General Assembly retains PC(USA) property clause

July 6, 2012


The “property clause” of the Book of Order of the Presbyterian Church (U.S.A.) remains in the denomination’s constitution after the 220th General Assembly, by voice vote, upheld its Policy Committee’s recommendations, rejecting two overtures that would have placed property into the hands of congregations.

The overtures had called for all property controlled by a local session and used by an individual congregation be deemed to be the property of that congregation.

Under the PC(USA) constitution, all property held by or for a congregation is “held in trust nevertheless for the use and benefit” of the denomination.

Overture advocates cited property issues as a cause of schism and the diversion of funds from mission. “Property is one of those things that’s tearing us apart,” said commissioner Ken Robbins, who supported the overtures.

Presenting the Polity Committee’s recommendation to the Assembly, commissioner Emily Anderson, committee moderator, first pointed out that a congregation’s borrowing capacity is increased by its relationship with a presbytery.

Anderson added, “More importantly … the church is more than a building,” and that it is part of a larger relational body.

Gradye Parsons, stated clerk of the General Assembly, ruled out of order a substitute motion that would have put control of property in the hands of congregations and that would have ultimately allowed congregations to dissolve their relationship with the PC(USA).

In presenting the substitute motion, Jeff Garrison, commissioner from Lake Michigan Presbytery, said the constitution’s property clause causes the expenditure of “money and energy that could have gone toward ministry and mission.” He said the Assembly should put away the “big stick.”

William Davnie, commissioner from Twin Cities Area Presbytery, pointed out that a “presbytery alone is empowered to dismiss congregations” and that individual congregations do not have that right.

After the substitute motion had been ruled out of order, Marianne Shine, commissioner from Tropical Florida Presbytery, spoke in favor of rejecting the overtures, adding, “We need to have more trust in our presbyteries. … The decision should be made at the presbytery level.”

In other action, the Assembly affirmed the vote of the Polity Committee to retain the language of groups protected within PC(USA)’s non-discrimination policy. Several overtures had sought to remove or make more general the list of protected groups.


  1. As has so often been demonstrated, the sad fact of the matter of ownership highlights the basic greed for asset possession by the Presbytery, and the pervasive indifference of the Presbytery for the congregations or their need for the life of of the churches involved in providing for their devotional needs.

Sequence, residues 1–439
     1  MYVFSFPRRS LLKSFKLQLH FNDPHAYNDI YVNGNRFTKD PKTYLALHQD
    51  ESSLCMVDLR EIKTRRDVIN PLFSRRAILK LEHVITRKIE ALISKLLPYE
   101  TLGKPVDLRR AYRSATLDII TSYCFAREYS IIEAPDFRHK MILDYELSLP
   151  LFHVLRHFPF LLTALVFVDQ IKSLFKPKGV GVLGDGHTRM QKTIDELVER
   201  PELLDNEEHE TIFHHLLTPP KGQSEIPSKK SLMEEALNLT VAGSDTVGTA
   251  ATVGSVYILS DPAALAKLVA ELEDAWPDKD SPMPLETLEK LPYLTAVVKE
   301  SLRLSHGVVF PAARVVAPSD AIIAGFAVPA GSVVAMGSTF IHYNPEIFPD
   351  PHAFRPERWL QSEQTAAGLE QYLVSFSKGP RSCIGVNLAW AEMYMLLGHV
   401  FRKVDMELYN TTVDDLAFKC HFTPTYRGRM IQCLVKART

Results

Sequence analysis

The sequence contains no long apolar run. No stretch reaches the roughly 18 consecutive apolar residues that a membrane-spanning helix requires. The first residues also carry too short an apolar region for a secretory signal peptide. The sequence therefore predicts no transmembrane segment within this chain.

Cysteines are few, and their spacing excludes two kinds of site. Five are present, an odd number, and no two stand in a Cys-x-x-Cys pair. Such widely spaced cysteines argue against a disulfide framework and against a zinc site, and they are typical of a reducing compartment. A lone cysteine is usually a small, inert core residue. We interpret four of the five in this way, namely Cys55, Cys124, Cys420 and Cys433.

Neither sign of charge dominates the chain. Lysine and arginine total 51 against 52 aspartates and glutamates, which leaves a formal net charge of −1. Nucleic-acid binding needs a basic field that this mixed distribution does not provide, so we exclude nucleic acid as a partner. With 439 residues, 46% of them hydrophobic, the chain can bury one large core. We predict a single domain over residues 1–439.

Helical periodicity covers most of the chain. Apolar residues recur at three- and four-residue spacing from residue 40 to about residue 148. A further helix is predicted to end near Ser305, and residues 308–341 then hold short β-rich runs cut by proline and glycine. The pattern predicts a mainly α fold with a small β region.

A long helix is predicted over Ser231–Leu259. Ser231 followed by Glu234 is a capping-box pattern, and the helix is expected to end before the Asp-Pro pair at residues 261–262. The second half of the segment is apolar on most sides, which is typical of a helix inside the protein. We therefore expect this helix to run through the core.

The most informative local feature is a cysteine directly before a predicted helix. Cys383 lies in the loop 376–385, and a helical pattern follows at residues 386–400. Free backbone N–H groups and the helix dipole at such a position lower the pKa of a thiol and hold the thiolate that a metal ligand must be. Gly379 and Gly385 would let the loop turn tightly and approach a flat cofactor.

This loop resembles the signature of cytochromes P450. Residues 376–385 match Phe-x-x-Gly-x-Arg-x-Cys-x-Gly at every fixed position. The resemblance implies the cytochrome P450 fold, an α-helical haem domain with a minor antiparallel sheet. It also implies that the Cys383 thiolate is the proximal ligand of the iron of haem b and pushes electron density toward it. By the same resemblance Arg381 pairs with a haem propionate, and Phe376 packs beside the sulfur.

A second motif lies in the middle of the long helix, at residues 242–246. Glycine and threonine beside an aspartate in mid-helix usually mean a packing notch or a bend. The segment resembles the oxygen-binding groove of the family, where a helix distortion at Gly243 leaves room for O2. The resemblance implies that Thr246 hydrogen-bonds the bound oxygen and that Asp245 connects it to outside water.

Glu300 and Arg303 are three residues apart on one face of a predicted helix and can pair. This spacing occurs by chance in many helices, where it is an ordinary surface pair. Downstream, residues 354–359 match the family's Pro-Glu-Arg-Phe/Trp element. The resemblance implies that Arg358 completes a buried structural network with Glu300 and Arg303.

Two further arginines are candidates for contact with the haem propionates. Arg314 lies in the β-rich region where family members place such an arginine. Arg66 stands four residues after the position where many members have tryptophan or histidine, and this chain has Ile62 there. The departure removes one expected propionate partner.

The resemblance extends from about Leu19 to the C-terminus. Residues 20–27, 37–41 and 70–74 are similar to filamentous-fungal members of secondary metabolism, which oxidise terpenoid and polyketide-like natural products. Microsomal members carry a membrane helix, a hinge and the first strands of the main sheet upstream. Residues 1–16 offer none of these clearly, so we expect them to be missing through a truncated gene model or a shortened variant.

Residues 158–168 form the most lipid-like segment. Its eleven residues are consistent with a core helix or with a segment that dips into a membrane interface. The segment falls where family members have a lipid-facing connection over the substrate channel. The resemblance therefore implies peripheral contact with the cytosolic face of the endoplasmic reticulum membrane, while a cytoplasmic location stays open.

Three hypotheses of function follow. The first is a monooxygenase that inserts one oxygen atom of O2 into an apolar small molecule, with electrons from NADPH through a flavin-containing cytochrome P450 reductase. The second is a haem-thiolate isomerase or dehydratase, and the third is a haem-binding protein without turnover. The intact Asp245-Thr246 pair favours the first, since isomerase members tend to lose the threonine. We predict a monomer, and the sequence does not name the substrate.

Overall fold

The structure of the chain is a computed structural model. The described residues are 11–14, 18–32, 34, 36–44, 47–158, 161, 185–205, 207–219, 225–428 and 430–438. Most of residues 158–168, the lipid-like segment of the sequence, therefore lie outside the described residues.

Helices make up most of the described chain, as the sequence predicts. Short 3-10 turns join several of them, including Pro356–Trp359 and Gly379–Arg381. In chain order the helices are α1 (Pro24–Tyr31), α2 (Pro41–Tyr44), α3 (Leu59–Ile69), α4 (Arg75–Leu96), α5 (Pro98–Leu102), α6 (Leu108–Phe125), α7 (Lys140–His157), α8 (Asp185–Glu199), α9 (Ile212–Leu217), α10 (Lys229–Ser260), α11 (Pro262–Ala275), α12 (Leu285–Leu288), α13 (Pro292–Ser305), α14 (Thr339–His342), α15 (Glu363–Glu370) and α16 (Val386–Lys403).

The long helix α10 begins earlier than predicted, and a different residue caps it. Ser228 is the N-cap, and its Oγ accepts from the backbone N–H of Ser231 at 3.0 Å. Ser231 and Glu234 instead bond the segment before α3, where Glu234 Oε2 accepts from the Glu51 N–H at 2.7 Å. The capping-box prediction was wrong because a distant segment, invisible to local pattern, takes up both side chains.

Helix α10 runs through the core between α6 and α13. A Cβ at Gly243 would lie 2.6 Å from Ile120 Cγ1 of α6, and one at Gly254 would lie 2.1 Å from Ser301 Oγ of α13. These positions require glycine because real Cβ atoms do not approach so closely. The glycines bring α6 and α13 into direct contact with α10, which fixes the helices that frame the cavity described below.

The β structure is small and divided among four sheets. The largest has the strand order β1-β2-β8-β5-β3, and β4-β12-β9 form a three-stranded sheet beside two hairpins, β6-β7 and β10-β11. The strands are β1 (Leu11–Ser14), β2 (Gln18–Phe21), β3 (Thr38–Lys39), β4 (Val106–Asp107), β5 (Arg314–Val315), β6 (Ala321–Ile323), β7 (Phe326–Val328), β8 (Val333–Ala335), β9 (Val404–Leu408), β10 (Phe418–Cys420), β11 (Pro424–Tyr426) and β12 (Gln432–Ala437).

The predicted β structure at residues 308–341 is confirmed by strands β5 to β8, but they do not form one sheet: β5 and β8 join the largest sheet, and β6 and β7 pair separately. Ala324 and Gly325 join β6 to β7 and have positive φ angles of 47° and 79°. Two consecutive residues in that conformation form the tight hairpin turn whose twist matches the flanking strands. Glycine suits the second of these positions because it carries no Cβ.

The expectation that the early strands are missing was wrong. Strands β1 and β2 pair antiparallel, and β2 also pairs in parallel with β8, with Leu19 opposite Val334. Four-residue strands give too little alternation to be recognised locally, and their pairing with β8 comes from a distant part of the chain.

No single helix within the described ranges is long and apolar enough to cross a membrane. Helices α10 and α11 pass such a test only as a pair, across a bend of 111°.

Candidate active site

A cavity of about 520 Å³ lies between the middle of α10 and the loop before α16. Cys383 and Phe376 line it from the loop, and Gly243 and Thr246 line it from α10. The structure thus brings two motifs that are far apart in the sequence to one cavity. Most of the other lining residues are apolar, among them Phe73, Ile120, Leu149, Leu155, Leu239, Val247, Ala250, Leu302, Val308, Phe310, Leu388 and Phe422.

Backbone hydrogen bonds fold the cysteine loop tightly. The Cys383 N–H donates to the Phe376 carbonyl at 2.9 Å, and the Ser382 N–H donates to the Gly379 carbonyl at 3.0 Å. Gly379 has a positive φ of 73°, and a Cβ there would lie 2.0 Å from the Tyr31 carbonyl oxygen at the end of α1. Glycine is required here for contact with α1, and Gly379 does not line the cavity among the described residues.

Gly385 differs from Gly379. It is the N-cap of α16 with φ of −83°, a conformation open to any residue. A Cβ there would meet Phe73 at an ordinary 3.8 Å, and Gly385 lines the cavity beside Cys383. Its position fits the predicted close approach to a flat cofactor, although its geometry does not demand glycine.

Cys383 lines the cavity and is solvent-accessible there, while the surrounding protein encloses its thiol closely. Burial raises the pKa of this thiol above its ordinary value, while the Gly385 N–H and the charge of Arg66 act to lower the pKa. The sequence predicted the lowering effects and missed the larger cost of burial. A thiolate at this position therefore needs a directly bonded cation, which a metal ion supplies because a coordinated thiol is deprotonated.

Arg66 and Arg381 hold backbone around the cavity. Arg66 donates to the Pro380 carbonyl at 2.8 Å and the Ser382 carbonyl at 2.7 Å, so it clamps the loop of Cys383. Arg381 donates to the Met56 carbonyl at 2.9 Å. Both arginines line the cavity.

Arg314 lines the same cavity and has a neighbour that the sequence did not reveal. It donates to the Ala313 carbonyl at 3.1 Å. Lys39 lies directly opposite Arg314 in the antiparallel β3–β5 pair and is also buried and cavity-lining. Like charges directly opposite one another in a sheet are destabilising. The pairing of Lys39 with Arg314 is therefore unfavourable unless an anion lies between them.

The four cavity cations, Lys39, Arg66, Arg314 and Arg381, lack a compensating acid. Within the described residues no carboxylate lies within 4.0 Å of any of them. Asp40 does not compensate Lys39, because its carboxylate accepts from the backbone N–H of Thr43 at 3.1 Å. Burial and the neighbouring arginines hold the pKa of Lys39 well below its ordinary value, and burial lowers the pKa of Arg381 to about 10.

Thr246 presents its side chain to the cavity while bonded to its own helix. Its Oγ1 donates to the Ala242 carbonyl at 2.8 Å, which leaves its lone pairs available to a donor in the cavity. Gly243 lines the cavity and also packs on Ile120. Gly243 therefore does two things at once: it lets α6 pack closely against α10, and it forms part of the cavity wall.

by Arthur G. Teel

    August 16, 2015

  2. As a member of Oldham Chapel Presbytery Church in Ashville, Alabama I sadly say that the church is going through the same problems described in the property clause. I myself do not approve of such ownership by a denomination and the congregation should be allowed to exit from a denomination when the congregation does not agree with some of decisions that has been made in past years that really goes against Gods teaching. I hope you will enlighten me with some information on why the denominations should hold such power Thank You

    by Don Franklin

    May 11, 2015

  3. The issue regarding church property ownership is one of the distinctions between congregational churches and connectional churches. Particular churches in the PC(USA) are not really 'local' churches, though they obviously work and worship in different localities. Particular churches are bonded to the PC(USA) as a whole through the connected governing bodies--namely, the sessions, the presbyteries, the synods and the general assembly. There is a particular close partnership between particular churches (sessions) and their presbyteries. The selection of pastoral leadership, for instance, necessarily involves presbytery as well as the congregation, which is not a requirement in congregational churches. Example: the Evangelecal Presbyterian Church, in which a particular church can select and call its own pastor without any action on the part of presbytery. Regardless of the source of funds for the building of property for particular churches--funds which may include contributions from one or more of the three governing bodies more inclusive than the churches and their sessions--the congregations have 'beneficial' ownership, not legal ownership. Often the current membership of particular churches have 'inherited ' the buildings--so to speak-- from multiple generations before them, with their personal contributions to building and/or sustaining structures for their use limited only to minimal amounts. But the actual ownership of the property is entrusted to their presbyteries who make decisions regarding the disposition of property used by particular churches when they are dissolved or dismissed to other denominations.

    by Grantland Groves

    November 29, 2012

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